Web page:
stationary car and they combine together and move forward.
The green car (1), of mass 1000 kg, crashes into
the stationary blue car (2) of mass 800 kg.
After the collision, the two cars are locked
together.
(a) Calculate the velocity of the
combined wrecked cars
immediately after the condition.
From the law of conservation of momentum
total momentum before collision = total
momentum after collision
m_{1}v_{1} + m_{2}v_{2}
= m_{3}v_{3} (m_{3} = m_{1}
+ m_{2})
(1000 x 20) + (800 x 0) = (1000 + 800) x
v_{3}
20 000 + 0 = 1800v_{3}, v_{3}
= 20 000/1800 = 11.1 m/s
(3sf)
(b) Calculate the kinetic energy of all
three objects in the diagram.
KE = ½mv^{2}
KE_{green car} = ½ x 1000 x
20^{2}, =
200 000 J
KE_{blue car} = ½ x 800 x 0^{2}
= 0 J
KE_{wreck} = ½ x 1800 x 11.1^{2},
= 110 889 = 111 000
J (to 3 sf)
(c) Calculate the difference, if any, of
the total initial kinetic energies of the cars and that of the wreck,
and comment on the results of your
calculations.
Kinetic energy is NOT conserved.
The loss of kinetic energy = 200 000
 110 889 = 89 111 = 89 100 J
(to 3 sf)
Lots of sound and thermal energy
created!
(d) Explain your answer to (c)
The loss of kinetic energy involves
several changes of energy stores.
There is a loud bang on impact, so
some energy is lost as sound.
The cars are compressed and the
increase in potential energy plus friction effects, increases the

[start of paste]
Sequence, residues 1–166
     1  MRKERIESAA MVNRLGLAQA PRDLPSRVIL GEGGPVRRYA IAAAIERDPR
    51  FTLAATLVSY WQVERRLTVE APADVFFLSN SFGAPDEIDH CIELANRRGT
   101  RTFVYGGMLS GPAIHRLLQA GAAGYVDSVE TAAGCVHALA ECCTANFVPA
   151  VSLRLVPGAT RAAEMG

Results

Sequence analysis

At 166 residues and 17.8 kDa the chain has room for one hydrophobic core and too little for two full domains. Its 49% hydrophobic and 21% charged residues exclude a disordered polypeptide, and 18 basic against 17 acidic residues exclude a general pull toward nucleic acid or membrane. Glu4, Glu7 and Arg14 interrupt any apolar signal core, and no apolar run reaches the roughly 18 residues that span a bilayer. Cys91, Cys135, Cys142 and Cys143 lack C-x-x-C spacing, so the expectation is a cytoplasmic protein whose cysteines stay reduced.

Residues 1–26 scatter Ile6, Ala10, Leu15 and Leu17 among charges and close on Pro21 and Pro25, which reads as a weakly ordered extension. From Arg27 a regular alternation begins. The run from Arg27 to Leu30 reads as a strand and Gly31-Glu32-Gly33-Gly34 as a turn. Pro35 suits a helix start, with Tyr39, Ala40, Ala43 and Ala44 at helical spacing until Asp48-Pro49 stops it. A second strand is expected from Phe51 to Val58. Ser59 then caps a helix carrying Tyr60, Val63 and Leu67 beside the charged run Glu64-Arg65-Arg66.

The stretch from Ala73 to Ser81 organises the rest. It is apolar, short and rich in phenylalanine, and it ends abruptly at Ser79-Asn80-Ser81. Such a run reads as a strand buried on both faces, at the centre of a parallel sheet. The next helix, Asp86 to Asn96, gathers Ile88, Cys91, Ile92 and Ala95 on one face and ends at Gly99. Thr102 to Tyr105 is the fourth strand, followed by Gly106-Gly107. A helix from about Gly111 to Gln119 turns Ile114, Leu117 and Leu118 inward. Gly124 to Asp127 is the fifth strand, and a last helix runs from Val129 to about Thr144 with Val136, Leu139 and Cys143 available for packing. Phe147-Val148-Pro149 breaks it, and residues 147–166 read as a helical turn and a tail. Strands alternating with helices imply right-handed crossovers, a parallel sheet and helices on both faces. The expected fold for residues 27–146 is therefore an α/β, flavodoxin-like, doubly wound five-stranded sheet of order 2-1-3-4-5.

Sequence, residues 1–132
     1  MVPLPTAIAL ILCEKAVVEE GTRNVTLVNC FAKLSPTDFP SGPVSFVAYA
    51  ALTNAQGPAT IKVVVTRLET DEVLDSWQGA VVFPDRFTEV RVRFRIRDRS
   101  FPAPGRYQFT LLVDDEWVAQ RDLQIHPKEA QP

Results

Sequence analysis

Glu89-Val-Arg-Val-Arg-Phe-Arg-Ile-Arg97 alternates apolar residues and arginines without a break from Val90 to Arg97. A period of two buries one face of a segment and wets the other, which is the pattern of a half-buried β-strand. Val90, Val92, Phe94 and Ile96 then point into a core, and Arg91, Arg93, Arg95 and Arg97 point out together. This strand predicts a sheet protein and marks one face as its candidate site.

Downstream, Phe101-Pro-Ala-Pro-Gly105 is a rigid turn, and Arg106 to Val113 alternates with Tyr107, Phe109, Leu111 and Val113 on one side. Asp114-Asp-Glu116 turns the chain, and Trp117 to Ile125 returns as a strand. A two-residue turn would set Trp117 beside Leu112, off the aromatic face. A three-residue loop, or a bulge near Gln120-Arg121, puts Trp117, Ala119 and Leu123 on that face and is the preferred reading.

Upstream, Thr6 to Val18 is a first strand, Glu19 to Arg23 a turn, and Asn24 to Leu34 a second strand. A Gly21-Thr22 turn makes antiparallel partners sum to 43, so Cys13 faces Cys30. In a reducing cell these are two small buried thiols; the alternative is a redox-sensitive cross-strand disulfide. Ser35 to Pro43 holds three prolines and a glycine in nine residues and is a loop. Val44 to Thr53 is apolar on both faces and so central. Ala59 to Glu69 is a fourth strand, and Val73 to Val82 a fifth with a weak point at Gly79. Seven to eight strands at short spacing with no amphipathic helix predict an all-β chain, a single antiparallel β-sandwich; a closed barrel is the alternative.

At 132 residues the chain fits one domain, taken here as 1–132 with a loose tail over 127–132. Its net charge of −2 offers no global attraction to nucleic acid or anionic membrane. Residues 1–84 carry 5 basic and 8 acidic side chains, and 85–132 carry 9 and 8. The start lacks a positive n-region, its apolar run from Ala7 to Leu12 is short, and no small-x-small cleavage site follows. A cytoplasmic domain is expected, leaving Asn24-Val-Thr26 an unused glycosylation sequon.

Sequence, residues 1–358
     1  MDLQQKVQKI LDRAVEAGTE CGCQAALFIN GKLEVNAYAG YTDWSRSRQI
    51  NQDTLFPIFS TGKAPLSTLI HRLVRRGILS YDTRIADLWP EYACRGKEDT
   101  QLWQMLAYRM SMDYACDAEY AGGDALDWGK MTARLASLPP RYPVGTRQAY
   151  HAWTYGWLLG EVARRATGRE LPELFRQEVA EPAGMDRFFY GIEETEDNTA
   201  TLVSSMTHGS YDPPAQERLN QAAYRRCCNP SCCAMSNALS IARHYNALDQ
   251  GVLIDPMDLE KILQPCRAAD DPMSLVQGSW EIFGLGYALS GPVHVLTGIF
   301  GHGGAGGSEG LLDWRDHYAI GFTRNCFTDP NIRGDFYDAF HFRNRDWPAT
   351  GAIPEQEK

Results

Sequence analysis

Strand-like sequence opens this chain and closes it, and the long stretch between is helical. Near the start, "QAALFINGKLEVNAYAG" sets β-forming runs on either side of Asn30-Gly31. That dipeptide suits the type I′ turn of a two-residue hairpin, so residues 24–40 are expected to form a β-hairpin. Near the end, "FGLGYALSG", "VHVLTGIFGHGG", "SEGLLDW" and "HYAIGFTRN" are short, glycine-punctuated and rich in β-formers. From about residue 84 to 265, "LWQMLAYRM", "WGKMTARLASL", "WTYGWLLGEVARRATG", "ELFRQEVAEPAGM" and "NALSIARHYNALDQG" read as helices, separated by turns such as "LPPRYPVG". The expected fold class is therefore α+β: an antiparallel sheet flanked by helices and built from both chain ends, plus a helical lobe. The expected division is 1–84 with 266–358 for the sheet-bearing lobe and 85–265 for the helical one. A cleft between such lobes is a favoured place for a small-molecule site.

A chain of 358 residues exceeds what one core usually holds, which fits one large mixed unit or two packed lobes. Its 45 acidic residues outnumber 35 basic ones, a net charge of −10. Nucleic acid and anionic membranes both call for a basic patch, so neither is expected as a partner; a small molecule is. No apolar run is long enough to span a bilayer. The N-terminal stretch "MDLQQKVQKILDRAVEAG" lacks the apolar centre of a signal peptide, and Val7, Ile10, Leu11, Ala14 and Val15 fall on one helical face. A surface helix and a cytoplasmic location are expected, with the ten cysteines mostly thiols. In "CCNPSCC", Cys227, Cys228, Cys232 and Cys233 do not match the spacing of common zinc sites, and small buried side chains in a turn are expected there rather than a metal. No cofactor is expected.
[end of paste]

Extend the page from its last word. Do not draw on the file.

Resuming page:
thermal energy store of the wreck  which then cools down.
So, in the end, all the lost kinetic
energy of the cars energy stores increases the thermal energy store of
the surroundings  lost KE somewhat dissipated!
Q2.4 Imagine a 0.2 kg ball moving at 5 m/s colliding with a 0.3 kg
ball moving at 2 m/s in the same direction.
After the collision the 0.2 kg green ball stops moving and the 0.3 kg
purple ball continues moving in the same direction.
Calculate the final velocity of the of the 0.3 kg
purple ball.
First sort out all the masses and velocities
where v_{1} and v_{2}
are the initial velocities and v_{3} and v_{4} the
velocities after the collision
m_{1} = 0.2 kg, initial velocity
v_{1} = 5 m/s, final velocity v_{3} = 0 m/s
m_{2} = 0.3 kg, initial velocity
v_{2} = 2 m/s, final velocity v_{4} = ? m/s
total momentum of two of objects before
collision = total moment of objects after collision
for two colliding objects, where
p = momentum: p_{1} + p_{2} = p_{3} + p_{4}
substituting m and v for the mass
and velocity of the two objects gives ...
m_{1}v_{1} + m_{2}v_{2}
= m_{1}v_{3} + m_{2}v_{4}
Then substitute everything in the equation,
rearrange and deduce the answer (v_{4}).
(0.2 x 5) + (0.3 x 2) = (0.2 x 0) + (0.3
x v_{4})
1.0 + 0.6 = 0 + 0.3v_{4},
0.3v_{4} = 1.6
therefore the final velocity of the 0.3
kg ball = v_{4} = 1.6/0.3 =
5.3 m/s (2 sf)
Q2.5 Imagine a 0.2 kg ball moving at 5 m/s hitting a 0.3 kg ball
moving at 2 m/s in the same direction.
After the collision both balls keep moving in the same